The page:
Connecticut Governor Cited for Illegally Cutting Down 180 Trees on Protected Land

Connecticut Governor Ned Lamont faces backlash for illegally cutting down thousands of trees behind his $7.5M home, angering neighbors and raising concerns about public officials' commitment to environmental conservation.

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Mahnoor Jehangir
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Connecticut Governor Cited for Illegally Cutting Down 180 Trees on Protected Land

Connecticut Governor Cited for Illegally Cutting Down 180 Trees on Protected Land

Connecticut Governor Ned Lamont faces backlash for illegally cutting down thousands of trees and bushes behind his $7.5 million home in Greenwich, angering his neighbors who have described the incident as a "chainsaw massacre". According to town documents, Lamont was cited in November for the unauthorized removal of more than 180 trees in a protected wetland area, allegedly to get a better view of a pond from his residence.

Nearby property owners and a land use attorney have criticized Lamont's actions as hypocritical, given his public championing of a statewide effort to plant more conifers. "It was a coordinated destruction of the entire ecosystem in that area," said a local source familiar with the matter. The governor allegedly hired workers to axe beloved sugar maples, beech trees, and pignut hickories without permits on several acres behind his home in early November.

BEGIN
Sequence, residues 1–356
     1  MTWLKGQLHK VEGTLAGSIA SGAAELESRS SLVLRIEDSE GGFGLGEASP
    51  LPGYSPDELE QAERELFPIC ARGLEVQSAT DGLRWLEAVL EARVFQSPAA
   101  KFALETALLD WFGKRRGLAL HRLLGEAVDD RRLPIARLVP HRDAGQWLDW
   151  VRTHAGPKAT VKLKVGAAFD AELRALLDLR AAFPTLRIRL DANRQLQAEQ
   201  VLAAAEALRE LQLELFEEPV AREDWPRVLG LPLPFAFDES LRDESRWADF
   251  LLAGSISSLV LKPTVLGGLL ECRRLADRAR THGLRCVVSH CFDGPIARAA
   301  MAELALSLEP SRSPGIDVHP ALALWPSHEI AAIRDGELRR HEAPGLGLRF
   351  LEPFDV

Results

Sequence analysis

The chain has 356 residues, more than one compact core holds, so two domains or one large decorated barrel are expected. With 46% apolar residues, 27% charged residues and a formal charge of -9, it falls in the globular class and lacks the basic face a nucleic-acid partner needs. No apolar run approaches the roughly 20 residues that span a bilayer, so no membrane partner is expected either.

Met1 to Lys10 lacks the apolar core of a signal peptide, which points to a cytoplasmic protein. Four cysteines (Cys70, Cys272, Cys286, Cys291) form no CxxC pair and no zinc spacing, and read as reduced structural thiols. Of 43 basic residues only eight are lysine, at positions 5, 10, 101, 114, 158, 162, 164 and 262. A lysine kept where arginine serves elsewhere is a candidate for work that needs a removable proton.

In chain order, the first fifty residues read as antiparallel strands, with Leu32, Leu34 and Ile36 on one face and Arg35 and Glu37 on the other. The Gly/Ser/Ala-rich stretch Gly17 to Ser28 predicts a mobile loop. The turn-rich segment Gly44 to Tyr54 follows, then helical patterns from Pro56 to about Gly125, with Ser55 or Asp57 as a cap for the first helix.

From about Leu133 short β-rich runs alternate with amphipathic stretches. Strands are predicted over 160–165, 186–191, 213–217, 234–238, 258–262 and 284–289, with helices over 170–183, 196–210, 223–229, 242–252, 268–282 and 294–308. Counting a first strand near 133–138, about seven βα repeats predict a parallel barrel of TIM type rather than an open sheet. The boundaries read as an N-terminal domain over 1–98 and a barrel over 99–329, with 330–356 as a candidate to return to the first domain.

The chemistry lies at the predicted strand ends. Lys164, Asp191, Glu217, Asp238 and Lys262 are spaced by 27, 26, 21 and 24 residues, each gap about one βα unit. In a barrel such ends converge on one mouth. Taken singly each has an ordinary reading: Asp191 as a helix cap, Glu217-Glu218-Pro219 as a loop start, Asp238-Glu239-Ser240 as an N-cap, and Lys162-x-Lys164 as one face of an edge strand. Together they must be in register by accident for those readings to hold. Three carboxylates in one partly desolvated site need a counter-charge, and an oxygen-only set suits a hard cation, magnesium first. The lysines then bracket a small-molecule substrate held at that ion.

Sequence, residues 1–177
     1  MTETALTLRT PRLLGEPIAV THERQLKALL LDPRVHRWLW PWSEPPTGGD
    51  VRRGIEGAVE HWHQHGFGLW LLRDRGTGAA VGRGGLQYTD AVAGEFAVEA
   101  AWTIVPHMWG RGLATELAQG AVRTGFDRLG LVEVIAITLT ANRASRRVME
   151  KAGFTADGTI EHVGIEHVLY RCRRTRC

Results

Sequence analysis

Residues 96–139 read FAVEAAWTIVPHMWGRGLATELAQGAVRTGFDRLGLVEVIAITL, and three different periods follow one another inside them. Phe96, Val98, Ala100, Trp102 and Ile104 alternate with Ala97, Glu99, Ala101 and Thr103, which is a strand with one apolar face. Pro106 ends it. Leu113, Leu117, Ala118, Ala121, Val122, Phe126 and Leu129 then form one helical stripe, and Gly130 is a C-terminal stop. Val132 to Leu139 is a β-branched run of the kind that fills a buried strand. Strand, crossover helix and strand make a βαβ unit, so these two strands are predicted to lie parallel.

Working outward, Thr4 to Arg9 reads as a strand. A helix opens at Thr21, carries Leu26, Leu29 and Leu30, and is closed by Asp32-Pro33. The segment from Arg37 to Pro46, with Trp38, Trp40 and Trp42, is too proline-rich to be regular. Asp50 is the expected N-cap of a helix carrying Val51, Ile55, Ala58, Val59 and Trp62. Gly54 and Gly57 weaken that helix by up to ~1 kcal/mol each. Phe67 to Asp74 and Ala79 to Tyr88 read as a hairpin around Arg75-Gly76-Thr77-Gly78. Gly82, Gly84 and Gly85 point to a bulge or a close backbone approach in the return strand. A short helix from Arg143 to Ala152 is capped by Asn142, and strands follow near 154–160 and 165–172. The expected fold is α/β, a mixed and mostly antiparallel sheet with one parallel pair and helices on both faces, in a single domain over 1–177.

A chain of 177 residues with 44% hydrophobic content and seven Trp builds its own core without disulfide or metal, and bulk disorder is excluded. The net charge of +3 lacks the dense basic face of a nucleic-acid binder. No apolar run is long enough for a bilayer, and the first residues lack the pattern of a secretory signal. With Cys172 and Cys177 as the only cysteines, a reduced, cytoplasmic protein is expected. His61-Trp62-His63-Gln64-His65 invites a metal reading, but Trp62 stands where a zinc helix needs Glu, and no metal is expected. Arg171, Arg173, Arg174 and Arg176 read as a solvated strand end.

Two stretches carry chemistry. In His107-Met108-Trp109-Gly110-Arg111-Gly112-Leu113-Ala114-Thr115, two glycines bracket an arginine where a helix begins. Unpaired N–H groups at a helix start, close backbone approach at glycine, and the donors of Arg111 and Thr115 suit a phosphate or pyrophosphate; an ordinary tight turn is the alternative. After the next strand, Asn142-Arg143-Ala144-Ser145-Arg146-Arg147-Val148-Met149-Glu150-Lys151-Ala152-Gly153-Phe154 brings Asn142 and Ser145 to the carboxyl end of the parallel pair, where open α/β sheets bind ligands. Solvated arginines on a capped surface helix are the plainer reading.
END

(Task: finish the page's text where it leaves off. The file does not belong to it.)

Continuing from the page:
Lamont, his neighbors, and the Ashton Drive Association have all been hit with citations for wetland violations, though it remains unclear if the governor will face any fines. The 70-year-old Democratic governor has claimed that the homeowners association, not him, was cited and that they are working to resolve the issue. However, questions remain about Lamont's involvement and what he knew about the tree removal.

Why this matters: The incident highlights the broader issue of tree loss and wetlands degradation in Connecticut, which experts say is not just from development projects but also from people converting forests to lawns. It also raises concerns about the commitment of public officials to environmental conservation when their actions contradict their stated policies.

The Greenwich wetlands commission has issued a cease-and-correct order, calling for the damaged area to be restored. Locals are now demanding that Lamont replace the illegally chopped trees and shrubs. "The Lamonts, along with their neighbors and the Ashton Drive Association, were all issued citations for wetland violations," confirmed a town official. The matter is set to be discussed at an upcoming public hearing, though no criminal charges have been filed at this time.

Key Takeaways

  • Connecticut Gov. Ned Lamont illegally cut down 180+ trees behind his $7.5M home.
  • Lamont's actions were criticized as hypocritical, given his pro-environment public stance.
  • Lamont, his neighbors, and a homeowners association were cited for wetland violations.
  • The damaged area must be restored, and Lamont may be required to replace the trees.
  • The incident highlights the broader issue of tree loss and wetlands degradation in Connecticut.